Great 'ways To Cut Back' Hunt

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  • Excellent stuff Firemunchkin.

    On the moisturisers etc - I hacked into my previous tube of moisturiser when it stopped dispensing and found it was only pretending to be empty, in fact, it lasted me another SEVEN weeks! I now hack everything open and take great delight in how much there is in those pots, tubs and tubes.

    On shopping, we have a co-op near us that always reduces its fresh produce after 5.30, so I make sure we try and get there a couple of times a week. Chicken breasts reduced from £4.00 to £1.00 the other day. I frequently get a whole meal from the reduced stuff alone, and cook to fit with what's available. Also, bulk meals out - like stews, sauces, soups etc - with lentils, red, green or yellow dhal lentil things, filling, cheaper and healthier too :-) If you pasta or rice left etc from one meal, make sure the next one can use them up.

    Also, on shopping, services, bills etc, don't be afraid to complain if something isn't up to scratch / what you paid for. My mum-in-law came to visit recently, she paid for 1st class as it's a long old journey on the train, on the way back there was no food and a door was jammed open between the carriages so she was cold. I complained to customer services without any response so I found the email address of the CEO, complained and we've got a free first class return for her next visit :-)
  • oldtractoroldtractor Forumite
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  • I bought my meet online last year via Hugh Fern witty thingies website 1/2 a pig was £120 from some organic type farmers in the north east and lasted a year 1/2 a sheep from the welsh hills £90 also lasted a year comes cut up and you can ask for what you need sausages or bacon paid £80 for beef lasted about 6 months saved us at least £600 over the year. I do have a roast every week and make pies etc in the week and it was fantastic meet.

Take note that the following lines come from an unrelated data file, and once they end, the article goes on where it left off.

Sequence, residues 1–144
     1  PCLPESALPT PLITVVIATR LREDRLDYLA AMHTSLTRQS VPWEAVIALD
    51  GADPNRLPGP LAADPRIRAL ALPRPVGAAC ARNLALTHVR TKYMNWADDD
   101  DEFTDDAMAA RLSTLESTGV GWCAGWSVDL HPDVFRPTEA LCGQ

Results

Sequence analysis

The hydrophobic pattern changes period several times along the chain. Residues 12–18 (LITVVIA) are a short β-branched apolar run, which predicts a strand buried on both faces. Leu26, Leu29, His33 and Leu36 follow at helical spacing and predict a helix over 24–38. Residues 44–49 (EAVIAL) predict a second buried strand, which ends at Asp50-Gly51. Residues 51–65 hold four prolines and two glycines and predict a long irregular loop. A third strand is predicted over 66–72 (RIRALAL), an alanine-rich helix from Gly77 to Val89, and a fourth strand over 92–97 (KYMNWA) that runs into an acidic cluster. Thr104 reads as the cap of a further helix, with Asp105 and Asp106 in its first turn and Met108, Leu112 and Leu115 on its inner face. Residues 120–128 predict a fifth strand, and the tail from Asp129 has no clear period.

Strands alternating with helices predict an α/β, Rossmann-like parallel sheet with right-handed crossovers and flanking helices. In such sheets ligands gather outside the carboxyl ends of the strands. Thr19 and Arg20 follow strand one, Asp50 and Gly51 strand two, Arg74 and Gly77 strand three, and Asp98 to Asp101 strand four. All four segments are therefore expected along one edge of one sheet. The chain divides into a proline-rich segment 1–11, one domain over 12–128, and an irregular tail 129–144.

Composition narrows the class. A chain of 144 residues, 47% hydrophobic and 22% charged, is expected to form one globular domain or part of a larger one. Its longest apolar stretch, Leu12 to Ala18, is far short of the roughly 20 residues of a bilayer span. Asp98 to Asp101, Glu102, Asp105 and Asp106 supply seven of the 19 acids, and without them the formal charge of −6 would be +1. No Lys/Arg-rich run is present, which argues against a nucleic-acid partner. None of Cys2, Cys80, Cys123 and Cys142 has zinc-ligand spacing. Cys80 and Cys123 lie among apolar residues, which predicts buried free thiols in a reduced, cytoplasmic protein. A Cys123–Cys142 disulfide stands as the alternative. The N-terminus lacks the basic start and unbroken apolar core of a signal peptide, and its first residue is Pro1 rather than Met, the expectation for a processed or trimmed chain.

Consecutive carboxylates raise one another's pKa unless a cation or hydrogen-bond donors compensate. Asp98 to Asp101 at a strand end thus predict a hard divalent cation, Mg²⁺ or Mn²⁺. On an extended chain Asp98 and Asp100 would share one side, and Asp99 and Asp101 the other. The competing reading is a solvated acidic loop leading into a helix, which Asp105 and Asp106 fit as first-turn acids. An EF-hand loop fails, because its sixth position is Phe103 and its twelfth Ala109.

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  • shebrettshebrett Forumite
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    Take your travelcard and your lunch to work, leave your cash and bank cards at home.

    If you overspend at certain places such as supermarket, take the amount you want to spend in cash and leave your cards at home.
  • FiremunchkinFiremunchkin Forumite
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    I bought my meet online last year via Hugh Fern witty thingies website 1/2 a pig was £120 from some organic type farmers in the north east and lasted a year 1/2 a sheep from the welsh hills £90 also lasted a year comes cut up and you can ask for what you need sausages or bacon paid £80 for beef lasted about 6 months saved us at least £600 over the year. I do have a roast every week and make pies etc in the week and it was fantastic meet.

    Been trying to find this online but can't - could you post a link or the full name of the company please? Thanks!
  • 1. Keep a spending diary for a month, then put all your different 'spends' into categories and work out the monthly or weekly amounts you spend on each, e.g. 'food', 'travel', 'entertainment', 'petrol', 'clothes', 'toiletries' etc. Then try and beat it by a set amount or percentage each month! Then you can set yourself a realistic and very specific budget to stick to!